We validate the idea that a male desire for young girls is just a fact of nature, and by doing so, we don't just put girls in danger — we reduce boys and men to thoughtless, unrestrained beings with no free will.

When Badu tweets that it is “in his nature” for a heterosexual man to be attracted to a young woman in a short skirt, she gives power to dangerous men.

She justifies the actions of people like accused killer James Dixon, who admitted to brutally and fatally beating Islan Nettles earlier this year because of what she was wearing and the fact that she was transgender.

She implies that María José Coni and Marina Menegazzo, two young women traveling in South America who were murdered by two men who gave them a place to stay, asked for their deaths.

It implies that Anita Hill, who was sexually harassed by her boss, then-SCOTUS nominee Clarence Thomas, must have been at fault somehow, not the other way around — and that her account of what happened was invalid.

Actress Kerry Washington and professor of law at Brandeis University Anita Hill. Photo by Astrid Stawiarz/Getty Images.

It suggests that the 11-year-old Texas child who was gang raped by 18 men is to blame because she was wearing makeup, not because those young men targeted her.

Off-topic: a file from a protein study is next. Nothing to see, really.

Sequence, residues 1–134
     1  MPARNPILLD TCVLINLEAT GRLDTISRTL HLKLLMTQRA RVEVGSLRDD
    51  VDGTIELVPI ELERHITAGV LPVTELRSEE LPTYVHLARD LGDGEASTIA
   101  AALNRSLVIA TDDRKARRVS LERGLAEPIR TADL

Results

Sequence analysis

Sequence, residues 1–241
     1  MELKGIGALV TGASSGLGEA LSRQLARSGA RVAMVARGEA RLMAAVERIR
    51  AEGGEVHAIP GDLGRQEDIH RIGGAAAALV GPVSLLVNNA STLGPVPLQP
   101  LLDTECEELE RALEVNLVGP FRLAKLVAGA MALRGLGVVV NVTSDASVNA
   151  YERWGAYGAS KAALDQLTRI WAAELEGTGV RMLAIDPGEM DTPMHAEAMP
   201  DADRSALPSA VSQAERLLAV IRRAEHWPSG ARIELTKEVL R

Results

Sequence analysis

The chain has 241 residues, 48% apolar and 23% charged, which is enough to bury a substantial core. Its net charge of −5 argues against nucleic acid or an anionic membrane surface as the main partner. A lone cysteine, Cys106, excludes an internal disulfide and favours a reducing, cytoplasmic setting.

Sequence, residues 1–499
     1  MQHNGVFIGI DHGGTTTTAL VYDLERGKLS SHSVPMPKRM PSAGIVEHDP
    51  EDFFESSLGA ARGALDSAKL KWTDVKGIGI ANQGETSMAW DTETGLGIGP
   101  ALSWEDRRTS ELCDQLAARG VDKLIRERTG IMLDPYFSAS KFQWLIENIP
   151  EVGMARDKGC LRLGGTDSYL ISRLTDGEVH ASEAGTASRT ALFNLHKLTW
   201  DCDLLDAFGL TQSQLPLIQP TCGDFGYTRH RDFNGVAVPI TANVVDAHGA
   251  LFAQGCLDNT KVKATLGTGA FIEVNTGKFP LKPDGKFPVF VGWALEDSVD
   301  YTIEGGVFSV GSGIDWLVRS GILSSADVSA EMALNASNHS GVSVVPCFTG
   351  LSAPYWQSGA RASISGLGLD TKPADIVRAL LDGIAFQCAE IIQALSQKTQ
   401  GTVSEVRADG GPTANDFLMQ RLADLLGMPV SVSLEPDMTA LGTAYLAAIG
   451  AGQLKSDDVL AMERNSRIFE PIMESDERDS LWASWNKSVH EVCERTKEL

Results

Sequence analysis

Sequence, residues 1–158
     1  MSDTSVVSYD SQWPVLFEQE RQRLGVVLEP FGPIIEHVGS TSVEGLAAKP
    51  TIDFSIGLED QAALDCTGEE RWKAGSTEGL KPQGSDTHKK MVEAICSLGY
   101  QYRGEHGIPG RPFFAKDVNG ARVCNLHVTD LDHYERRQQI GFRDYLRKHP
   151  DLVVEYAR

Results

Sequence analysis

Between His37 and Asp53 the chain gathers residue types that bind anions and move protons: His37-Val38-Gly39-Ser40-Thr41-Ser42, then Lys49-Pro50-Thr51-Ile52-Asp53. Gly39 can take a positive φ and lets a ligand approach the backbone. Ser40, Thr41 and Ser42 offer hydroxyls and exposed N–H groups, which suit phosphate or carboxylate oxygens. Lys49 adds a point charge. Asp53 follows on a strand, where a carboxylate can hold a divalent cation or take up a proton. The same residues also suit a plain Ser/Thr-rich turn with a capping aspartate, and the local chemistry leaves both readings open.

It implies that these women and girls would be better off taking precautions to ensure they do not become victims — as if their attackers wouldn't find other victims instead — rather than teaching men and boys they are responsible for their own behavior.

This line of thinking tells women around the world who have been assaulted in bars and clubs, churches and businesses, schools and homes, places of danger and places of comfort, that their rapes may be justified if the conditions are right to tempt a man. We invalidate and mock their experiences when we assert that their lives and their ability to say "no" really don't matter when a man’s “natural instincts” are involved.

In the past, Badu has used her artistic platform to call out misogyny in the hip-hop industry, which makes these tweets all the more confounding.

She has also spoken out many times about the unfair criminal justice system. To use her same voice and platform to blame young girls — school-age girls — for being distracting to their male classmates and adult male teachers who supposedly are incapable of retraining themselves against such temptation is dangerous.

Seeing these tweets from her — tweets that reinforce a misogynistic culture — is extremely disappointing and completely uncharacteristic of the typically badass, woke, and talented artist.

So, no, Ms. Badu. Let’s stop telling girls to dress differently. Instead, the next time a school decides to ask all female students to dress a certain way so as not to distract their adult male teachers (who, surely, are capable of exerting self-control) or male classmates, let’s remember why treating female bodies like they’re to blame for the actions of men is a slippery slope no one wants to fall down. Doing that is much more effective in the long run.